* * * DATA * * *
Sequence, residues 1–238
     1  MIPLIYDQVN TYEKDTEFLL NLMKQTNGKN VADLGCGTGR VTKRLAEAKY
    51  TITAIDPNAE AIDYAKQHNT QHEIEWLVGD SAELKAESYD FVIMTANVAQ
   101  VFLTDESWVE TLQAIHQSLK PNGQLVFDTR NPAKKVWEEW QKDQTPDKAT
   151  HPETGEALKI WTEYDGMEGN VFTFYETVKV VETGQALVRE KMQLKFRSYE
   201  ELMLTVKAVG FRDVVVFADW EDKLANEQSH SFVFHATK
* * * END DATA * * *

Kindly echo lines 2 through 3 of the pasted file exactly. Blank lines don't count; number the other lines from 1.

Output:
     1  MIPLIYDQVN TYEKDTEFLL NLMKQTNGKN VADLGCGTGR VTKRLAEAKY
    51  TITAIDPNAE AIDYAKQHNT QHEIEWLVGD SAELKAESYD FVIMTANVAQ